The individuals participating in this workshop engage in research and practice with marginalized communities, or are from the broader CSCW community interested in learning more about these topics. Many pursue research on feminism, intersectionality, social justice, and global development (be it in the Global North or South).
Anthony Poon, Palashi Vaghela. “Interactive Tabletops Aren’t Going to Situate Themselves.”
Anupriya Tuli, Neha Kumar, Pushpendra Singh. “Exploring Solidarity in Working Towards Menstrual Health Education in India.”
Azra Ismail, Neha Kumar. “Mind the Gap: Practicing Feminist HCI in the Global South.”
Elizabeth Resor. “Social Media Users and Use in East Africa.”
Eureka Foong, Elizabeth M. Gerber. “Understanding Inequalities in Pay and Peer Support for Freelancers in Online Work Platforms.”
Fatima Espinoza Vasquez. “The Value of Global South Research.”
Joyojeet Pat, Divya Siddarth, Anmol Panda, Drupa Dinnie Charles, Shubi Agarwal, Srujana Kamath, Ramgopal Chandrasekaran, Sarayu Natarajan, Azhagu Meena. “Studying Politicians’ Social Media use from a Multi-Disciplinary Perspective: Examining the Indian 2019 General Election.”
Naveena Karusala, Richard Anderson. “Dimensions of Solidarity in Digital Financial Services Research.”
Nora McDonald, Andrea Forte. “Promises and Challenges for Intersectional Participant Research.”
Pedro Ferreira. “Researchers at the Margins: Othering and Community Solidarity.”
Rama Adithya Varanasi, Tapan Parikh, Nicola Dell. “Solidarity in Education: Organizations’ Use of Technology to Support Low-income Schools.”
Tahsin Mayeesha, Zareen Tasnim, Jasmine Jones, Nova Ahmed. “Applying Text Mining to Protest Stories as Voice against Media Censorship.”
A Note on Process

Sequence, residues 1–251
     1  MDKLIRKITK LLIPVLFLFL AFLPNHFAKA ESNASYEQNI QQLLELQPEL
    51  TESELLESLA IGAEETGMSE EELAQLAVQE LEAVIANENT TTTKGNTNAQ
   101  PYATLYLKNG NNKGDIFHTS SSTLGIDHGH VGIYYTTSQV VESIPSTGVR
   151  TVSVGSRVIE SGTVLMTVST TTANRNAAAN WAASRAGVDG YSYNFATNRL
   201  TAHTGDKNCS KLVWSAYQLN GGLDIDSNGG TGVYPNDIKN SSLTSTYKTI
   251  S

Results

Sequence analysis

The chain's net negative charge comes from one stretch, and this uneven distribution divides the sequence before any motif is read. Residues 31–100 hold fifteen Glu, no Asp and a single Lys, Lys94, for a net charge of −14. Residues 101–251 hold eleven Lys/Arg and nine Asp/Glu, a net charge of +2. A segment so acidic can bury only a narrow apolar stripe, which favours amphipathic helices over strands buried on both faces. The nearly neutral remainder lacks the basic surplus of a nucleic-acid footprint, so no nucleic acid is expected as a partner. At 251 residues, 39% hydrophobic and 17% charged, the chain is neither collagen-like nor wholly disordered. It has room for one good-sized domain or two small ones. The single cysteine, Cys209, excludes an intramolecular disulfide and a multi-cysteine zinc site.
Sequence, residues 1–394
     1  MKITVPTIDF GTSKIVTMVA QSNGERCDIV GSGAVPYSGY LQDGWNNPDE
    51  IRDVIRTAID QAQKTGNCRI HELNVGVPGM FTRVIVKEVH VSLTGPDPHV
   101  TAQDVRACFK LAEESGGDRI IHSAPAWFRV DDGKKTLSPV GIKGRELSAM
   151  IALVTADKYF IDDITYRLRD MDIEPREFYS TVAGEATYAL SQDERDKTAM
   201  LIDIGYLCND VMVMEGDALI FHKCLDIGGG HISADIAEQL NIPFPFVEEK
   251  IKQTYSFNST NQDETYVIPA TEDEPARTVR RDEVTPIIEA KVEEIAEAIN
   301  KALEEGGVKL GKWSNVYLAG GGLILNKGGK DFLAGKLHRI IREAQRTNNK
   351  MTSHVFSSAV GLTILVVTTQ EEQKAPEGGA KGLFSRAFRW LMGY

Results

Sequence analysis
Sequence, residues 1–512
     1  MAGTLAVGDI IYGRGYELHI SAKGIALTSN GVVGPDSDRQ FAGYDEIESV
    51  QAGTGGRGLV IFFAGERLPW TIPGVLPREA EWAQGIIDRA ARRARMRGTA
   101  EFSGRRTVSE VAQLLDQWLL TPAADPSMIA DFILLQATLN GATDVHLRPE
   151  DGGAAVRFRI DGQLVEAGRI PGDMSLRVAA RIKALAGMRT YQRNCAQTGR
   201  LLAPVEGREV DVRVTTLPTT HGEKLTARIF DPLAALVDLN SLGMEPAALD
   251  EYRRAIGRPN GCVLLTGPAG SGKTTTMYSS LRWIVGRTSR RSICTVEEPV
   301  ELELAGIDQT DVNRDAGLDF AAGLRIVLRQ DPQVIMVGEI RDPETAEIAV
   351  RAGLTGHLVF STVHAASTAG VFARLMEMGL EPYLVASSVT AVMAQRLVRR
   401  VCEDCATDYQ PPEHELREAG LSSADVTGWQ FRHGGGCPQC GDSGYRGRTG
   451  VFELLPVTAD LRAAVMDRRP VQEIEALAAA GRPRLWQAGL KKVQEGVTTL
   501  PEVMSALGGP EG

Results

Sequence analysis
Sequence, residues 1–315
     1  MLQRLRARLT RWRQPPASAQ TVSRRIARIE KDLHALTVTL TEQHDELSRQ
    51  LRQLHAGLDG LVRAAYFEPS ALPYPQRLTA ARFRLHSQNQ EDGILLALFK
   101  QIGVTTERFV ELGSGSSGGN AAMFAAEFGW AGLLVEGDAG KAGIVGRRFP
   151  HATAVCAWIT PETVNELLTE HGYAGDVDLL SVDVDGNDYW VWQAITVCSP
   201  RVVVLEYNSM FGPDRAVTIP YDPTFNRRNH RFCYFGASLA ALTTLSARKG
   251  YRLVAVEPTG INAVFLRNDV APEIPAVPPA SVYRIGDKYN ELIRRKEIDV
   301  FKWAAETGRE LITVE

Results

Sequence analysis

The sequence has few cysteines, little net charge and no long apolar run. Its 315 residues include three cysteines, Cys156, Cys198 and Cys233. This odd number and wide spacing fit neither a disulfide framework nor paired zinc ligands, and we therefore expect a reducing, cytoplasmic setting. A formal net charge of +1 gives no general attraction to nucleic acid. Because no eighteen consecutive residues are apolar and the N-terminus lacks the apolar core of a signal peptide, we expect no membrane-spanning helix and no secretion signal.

Potential participants were asked to submit 2-4 page position papers in CHI extended abstract format that that articulates their positionality, describes their research area, and comments on how they find themselves in solidarity (or not) with others doing work in this area. Potential topics include (but are not limited to):
- Definitions and conceptualizations of marginalization, intersectionality, and/or social justice
- The potential role of solidarity within and across specific research areas
- Vulnerable/marginalized/under-served communities’ experiences of information technologies
- Examples of CSCW work being conducted “at the margins”
- Work on the intersecting margins of power structures related to gender, race, caste, class, etc.
Reflections on methods for connecting marginalized communities (and researchers) across geographies
- Original and reflective submissions from all types of scholars and practitioners working both in the center and the periphery of the CSCW research space who want to foster solidarity
Submissions were accepted based on the relevance and development of the chosen topic, as well as their potential to contribute to the workshop discussions and goals. Papers were peer-reviewed by the workshop organizers.
At least one author of each accepted paper must register for this workshop, along with at least one day of the CSCW2018 conference, with the registration code we have provided. Workshop registrations can be added via the RegOnline portal even after participants have already registered for the conference.